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A comparison of land use change accounting methods: seeking common grounds for key modeling choices in biofuel assessments

Saez de Bikuña, Koldo, Hamelin, Lorie, Hauschild, Michael Zwicky, Pilegaard, Kim, Ibrom, Andreas
Journal of cleaner production 2018 v.177 pp. 52-61
accounting, biofuels, biorefining, business enterprises, case studies, deforestation, energy crops, feedstocks, global warming, greenhouse gas emissions, greenhouse gases, harvesting frequency, inventories, land use change, life cycle assessment, models, uncertainty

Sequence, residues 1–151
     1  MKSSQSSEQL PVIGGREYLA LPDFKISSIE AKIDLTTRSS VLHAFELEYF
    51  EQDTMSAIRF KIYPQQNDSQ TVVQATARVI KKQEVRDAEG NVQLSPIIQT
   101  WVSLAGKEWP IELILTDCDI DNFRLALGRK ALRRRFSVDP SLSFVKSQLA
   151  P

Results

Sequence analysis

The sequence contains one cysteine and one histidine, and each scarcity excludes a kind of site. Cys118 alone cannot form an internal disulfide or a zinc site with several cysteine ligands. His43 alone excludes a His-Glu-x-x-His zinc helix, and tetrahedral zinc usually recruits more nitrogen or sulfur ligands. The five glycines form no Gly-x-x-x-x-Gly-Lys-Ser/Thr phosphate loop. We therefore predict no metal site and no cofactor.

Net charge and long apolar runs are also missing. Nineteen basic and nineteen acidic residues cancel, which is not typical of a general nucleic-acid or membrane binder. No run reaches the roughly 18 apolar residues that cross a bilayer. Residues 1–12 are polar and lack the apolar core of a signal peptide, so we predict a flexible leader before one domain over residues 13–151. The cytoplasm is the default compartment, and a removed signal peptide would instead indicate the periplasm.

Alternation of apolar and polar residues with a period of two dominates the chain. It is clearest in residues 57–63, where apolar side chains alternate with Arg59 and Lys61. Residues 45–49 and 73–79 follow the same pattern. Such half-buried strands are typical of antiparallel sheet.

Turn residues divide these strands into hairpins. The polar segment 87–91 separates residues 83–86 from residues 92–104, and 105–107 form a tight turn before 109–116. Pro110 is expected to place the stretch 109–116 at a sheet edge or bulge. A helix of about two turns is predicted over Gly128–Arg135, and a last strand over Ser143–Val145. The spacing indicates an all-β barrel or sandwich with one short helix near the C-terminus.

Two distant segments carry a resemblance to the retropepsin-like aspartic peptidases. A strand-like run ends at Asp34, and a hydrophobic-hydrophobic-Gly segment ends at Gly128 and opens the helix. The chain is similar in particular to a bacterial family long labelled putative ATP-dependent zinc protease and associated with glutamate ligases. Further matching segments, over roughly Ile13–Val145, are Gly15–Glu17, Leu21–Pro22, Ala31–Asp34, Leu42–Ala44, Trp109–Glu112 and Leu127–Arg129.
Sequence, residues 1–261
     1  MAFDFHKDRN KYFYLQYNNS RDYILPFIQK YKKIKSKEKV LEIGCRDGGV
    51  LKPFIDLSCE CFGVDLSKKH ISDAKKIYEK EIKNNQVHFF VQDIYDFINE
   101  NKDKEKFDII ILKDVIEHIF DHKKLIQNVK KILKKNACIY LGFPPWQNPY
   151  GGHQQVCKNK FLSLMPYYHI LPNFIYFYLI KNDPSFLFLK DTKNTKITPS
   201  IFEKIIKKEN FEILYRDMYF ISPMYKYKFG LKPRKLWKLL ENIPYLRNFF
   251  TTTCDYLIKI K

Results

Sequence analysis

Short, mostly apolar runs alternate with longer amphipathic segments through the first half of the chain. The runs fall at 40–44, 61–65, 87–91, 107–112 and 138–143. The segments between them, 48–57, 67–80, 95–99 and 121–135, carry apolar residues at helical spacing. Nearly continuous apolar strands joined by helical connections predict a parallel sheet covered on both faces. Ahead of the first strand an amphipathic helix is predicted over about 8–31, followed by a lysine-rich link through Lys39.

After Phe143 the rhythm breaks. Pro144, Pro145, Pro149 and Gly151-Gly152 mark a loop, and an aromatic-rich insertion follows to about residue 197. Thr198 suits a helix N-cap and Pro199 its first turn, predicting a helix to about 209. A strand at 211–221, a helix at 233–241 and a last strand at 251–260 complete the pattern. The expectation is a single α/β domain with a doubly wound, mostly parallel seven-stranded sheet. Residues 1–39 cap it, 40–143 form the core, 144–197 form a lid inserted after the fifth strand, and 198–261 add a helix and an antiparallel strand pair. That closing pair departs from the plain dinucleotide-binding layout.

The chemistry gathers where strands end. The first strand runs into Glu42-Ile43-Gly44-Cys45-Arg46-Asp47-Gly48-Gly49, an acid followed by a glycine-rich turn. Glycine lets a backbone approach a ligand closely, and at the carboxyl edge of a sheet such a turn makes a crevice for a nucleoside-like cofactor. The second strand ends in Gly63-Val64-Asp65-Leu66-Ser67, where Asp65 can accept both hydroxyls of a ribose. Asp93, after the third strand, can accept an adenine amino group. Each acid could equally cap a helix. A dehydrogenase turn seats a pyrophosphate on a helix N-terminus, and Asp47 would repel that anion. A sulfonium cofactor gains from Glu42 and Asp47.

Five currently used methods to account for the global warming (GW) impact of the induced land-use change (LUC) greenhouse gas (GHG) emissions have been applied to four biofuel case studies. Two of the investigated methods attempt to avoid the need of considering a definite occupation –thus amortization– period by considering ongoing LUC trends as a dynamic baseline. This leads to the accounting of a small fraction (0.8%) of the related emissions from the assessed LUC, thus their validity is disputed. The comparison of methods and contrasting case studies illustrated the need of clearly distinguishing between the different time horizons involved in life cycle assessments (LCA) of land-demanding products like biofuels. Absent in ISO standards, and giving rise to several confusions, definitions for the following time horizons have been proposed: technological scope, inventory model, impact characterization, amortization/occupation, plantation lifetime and harvesting frequency. It is suggested that the anticipated technical lifetime of biorefineries using energy crops as feedstock stands as the best proxy for the cut-off criterion of land's occupation period and the inventory modeling period. Top-down LUC models are suggested as a gross reference benchmark to evaluate LUC results from bottom-up models, since the former represent average GHG emissions from deforestation statistics at different spatial resolutions. Reporting LUC emissions per area and implementing a corporate accounting system that ascribes deforestation emissions to responsible companies could avoid the critical uncertainty related to yield estimations.